German carmakers have been forced to accelerate electrification plans after European Union lawmakers imposed a 37.5% cut in carbon dioxide emissions between 2021 and 2030 in addition to a 40% cut in emissions between 2007 and 2021.

Electric cars made up only 1.5% of global sales last year, or 1.26 million of the 86 million passenger vehicles sold, JATO Dynamics said.

If carmakers fail to meet the 2021 targets they face 33 billion euros in fines, analysts at Evercore ISI have estimated.

They estimate it will cost the auto industry an aggregate 15.3 billion euros to comply, assuming a 60 euro cost per gram to reduce CO2 emissions for premium carmakers and 40 euros per gram of CO2 reduction for volume manufacturers.





Related News

StockBeat: PMIs, Thomas Cook, Oil Cast a Pall Over European Stocks
Today, 10:24
Investing.com -- Summer’s over for European stocks, it seems. The benchmark Stoxx 600 fell to its lowest in five days on Monday after another bleak round of business surveys from the euro zone’s biggest economies suggested no end to the
Thomas Cook collapses: Why and what happens now?
Today, 10:21
By Kate Holton and Guy Faulconbridge LONDON (Reuters) - Thomas Cook (L:TCG), the world's oldest travel firm, collapsed on Monday, stranding hundreds of thousands of holidaymakers around the globe and sparking the largest peacetime repatriation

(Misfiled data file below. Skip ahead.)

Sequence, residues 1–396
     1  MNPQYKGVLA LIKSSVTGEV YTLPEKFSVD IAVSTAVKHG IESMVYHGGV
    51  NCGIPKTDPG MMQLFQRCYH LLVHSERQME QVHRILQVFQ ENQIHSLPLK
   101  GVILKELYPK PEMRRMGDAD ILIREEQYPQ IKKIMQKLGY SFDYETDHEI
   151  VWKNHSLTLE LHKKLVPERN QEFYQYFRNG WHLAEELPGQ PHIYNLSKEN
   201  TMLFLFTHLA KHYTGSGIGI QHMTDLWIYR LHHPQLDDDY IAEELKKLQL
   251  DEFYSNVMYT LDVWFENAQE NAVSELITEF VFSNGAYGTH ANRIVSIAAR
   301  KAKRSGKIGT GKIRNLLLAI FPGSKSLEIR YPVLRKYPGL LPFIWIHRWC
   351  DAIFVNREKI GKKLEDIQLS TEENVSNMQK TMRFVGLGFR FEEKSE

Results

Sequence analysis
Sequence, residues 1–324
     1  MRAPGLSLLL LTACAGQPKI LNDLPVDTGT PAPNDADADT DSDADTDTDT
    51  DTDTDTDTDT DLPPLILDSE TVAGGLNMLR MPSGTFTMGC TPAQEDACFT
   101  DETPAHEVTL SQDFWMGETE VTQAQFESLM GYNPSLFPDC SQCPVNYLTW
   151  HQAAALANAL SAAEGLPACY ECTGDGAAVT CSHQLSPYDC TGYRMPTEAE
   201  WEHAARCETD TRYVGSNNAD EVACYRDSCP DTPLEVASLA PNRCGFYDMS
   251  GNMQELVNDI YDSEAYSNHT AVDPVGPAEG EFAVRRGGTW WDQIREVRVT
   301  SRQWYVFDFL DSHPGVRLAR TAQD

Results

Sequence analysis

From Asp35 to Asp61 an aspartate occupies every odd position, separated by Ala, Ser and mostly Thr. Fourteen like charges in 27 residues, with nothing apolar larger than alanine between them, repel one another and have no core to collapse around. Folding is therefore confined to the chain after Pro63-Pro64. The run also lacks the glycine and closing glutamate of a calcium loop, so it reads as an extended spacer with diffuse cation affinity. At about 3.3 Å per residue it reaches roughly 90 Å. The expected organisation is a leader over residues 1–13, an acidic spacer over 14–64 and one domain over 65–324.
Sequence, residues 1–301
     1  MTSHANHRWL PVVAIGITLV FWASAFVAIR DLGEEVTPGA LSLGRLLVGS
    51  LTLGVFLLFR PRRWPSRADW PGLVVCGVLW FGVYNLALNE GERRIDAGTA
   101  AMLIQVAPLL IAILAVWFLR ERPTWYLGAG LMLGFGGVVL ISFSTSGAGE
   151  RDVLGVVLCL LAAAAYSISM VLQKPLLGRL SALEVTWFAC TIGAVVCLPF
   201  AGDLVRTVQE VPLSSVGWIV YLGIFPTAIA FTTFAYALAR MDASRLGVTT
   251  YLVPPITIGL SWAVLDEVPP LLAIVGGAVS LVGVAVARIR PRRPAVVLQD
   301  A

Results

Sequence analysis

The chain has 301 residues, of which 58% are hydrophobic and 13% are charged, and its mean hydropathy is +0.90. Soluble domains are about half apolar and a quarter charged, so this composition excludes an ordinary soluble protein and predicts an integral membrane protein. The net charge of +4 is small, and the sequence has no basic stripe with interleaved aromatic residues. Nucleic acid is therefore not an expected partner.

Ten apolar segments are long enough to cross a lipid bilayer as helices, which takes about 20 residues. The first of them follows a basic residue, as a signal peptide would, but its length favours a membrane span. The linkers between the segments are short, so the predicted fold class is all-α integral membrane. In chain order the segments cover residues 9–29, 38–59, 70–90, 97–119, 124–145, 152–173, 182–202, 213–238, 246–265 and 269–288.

Factbox: European reaction to Thomas Cook bankruptcy
Today, 10:18
(Reuters) - British travel operator Thomas Cook (L:TCG), which ran hotels, resorts and airlines ferrying 19 million people a year to 16 different countries. It currently has 600,000 people abroad, forcing governments and insurance companies to
German Industrial Recession Drags Economy Deeper Into Slump
Today, 10:15
(Bloomberg) -- Terms of Trade is a daily newsletter that untangles a world embroiled in trade wars. Sign up here.  Germany’s economy is suffering its worst downturn in almost seven years as a manufacturing slump deepens, raising pressure on the
Thomas Cook's Condor says it has 240,000 customers currently abroad
Today, 10:12